Diller Teen award winners use water polo, poetry to help others

What do water polo and slam poetry have in common? They helped two Bay Area girls win prestigious Diller Teen Tikkun Olam Awards this year.

In all, 10 U.S. teens were recognized for their volunteerism with $36,000 awards — marking the first time in the awards’ seven-year history that they were made available to teens outside California.

Skylar Dorosin of Palo Alto, one of the winners, was recognized for her work teaching water polo and swimming to girls from low-income communities on the Peninsula.

Students surround Talia Young (holding paper) at a poetry slam she organized.

Talia Young of Lafayette, the other local winner, spent the past year teaching San Francisco high school students poetry, aiming to break down stereotypes and build confidence.

They and the eight other winners were chosen “in recognition of their leadership, innovation and commitment to making the world a better place,” the Helen Diller Family Foundation said in announcing the awards in late June. The prize can be used to further the teens’ philanthropic projects or go to their education.

Dorosin, an avid swimmer, started playing water polo when she turned 13. She wanted to join her passion for the water with the perks of being part of a team.

After a tough loss to a team from Commerce, a working-class city in Los Angeles County, Dorosin became curious about how the city had come to have such a talented squad. After looking into it, she discovered that Commerce funded a water polo program for its residents.

That inspired Dorosin, 18, to set up a similar program in the Bay Area. One of the first things she did was team up with Commerce native and four-time Olympian Brenda Villa, a water polo superstar at Stanford (2002 national player of the year) and now a high school coach in Palo Alto.

Dorosin’s “Project 2020” started in 2009 and has grown from 10 girls to more than 250. There are clinics and weeklong camps, and a partnership with the East Palo Alto YMCA, plus a team that is trained by Dorosin and other volunteer coaches.

“Girls come in the first week and they won’t want to take off their towel, they won’t want to take off their clothes, they’ll be really timid to get the water,” said Dorosin, who played water polo as a freshman at Stanford University last year but has decided to leave the team. “But by the end of the week they’ll come running in and you can so obviously see their self-confidence increasing.”

The biggest challenge has been finding pool space, Dorosin said, adding that her ultimate goal is to raise enough funds to build Project 2020 its own facility. For now, Dorosin has been able to raise enough money to cover the costs of the program; she also receives equipment donations.

Skylar Dorosin and two Project 2020 participants

“Everybody knows the impact of sports,” said Dorosin.

Young, meanwhile, knows the impact of poetry and the spoken word. The 2013 graduate of San Francisco’s Jewish Community High School of the Bay got involved with the slam poetry scene two years ago.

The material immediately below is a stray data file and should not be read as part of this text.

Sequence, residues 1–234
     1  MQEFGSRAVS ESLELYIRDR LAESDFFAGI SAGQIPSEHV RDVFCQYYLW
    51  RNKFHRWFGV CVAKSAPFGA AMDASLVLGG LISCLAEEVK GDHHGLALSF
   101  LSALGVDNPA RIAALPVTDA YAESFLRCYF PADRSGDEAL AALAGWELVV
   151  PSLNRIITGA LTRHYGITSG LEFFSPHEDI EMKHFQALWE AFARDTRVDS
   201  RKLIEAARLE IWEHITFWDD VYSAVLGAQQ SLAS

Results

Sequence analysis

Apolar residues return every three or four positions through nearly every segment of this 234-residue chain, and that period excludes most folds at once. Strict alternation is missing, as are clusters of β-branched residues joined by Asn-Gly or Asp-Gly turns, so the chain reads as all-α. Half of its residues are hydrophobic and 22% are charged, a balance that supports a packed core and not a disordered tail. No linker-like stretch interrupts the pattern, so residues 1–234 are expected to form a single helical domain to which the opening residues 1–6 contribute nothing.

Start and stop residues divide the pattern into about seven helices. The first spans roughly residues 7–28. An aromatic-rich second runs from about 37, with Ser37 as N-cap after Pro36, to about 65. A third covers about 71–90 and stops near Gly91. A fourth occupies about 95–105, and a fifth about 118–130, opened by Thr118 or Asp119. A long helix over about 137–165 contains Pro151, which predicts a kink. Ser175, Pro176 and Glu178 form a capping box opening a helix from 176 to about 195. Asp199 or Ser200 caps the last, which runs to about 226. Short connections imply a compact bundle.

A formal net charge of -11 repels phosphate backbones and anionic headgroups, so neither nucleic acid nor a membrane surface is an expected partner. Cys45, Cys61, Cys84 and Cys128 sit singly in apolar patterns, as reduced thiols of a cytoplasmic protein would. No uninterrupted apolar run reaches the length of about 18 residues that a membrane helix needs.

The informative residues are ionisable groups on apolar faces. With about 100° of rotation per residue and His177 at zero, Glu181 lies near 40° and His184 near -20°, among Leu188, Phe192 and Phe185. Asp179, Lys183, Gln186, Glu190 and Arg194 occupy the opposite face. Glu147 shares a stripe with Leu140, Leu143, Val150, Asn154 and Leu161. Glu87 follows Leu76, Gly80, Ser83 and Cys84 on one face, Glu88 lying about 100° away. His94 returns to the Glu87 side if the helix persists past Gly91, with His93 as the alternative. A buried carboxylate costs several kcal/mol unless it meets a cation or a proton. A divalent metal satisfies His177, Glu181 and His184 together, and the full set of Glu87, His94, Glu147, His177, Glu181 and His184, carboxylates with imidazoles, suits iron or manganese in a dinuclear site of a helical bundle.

“I had a lot to say, but I didn’t necessarily know how to say it,” Young said. “When I found spoken word, it really gave me a way to have a voice.”

That led her to launch “Looking for Home,” a poetry club for students at San Francisco high schools that she ran during the 2012-13 school year. Young worked with students from five schools, holding weekly classes that culminated in a poetry showcase.

“The project really depended on other people for its success, which was what really scared me,” said Young, who is off to Macalaster College in St. Paul, Minn. “What I was trying to build wasn’t physical. It was like building people, building community.”

From 2007 to 2012, five Diller Teen awards per year were given to California residents. The program expanded this year, adding five more awards for teens outside the state.

In addition to Dorosin and Young, the 2013 California winners are Ellie Dubin, 17, of Beverly Hills, for a musical theater program; Jordan Elist, 18, of Beverly Hills, for raising money for food pantries; and Ido Keder, 17, of West Hills, for an autism awareness initiative.

The other winners are Jake Bernstein, 19, of St. Louis, for connecting youth to volunteer opportunities; Ben Hirschfeld, 19, of Hastings-on-Hudson, N.Y., for a fund to replace kerosene lamps with solar lanterns; Talia Leman, 18, of Waukee, Iowa, for a website that helps youth launch community service projects; Nick Lowinger, 15, of Cranston, R.I., for a foundation that donates new shoes to children in homeless shelters; and Max Wallack, 17, of Natick, Mass., for a nonprofit that creates, collects and distributes puzzles to people with Alzheimer’s.

For more information, or to apply or nominate someone for a 2014 award, visit www.dillerteenawards.org.

Arno Rosenfeld
Arno Rosenfeld

Arno Rosenfeld is a reporter at the Forward. He is a former J. intern and has worked as a correspondent for JTA and The Times of Israel.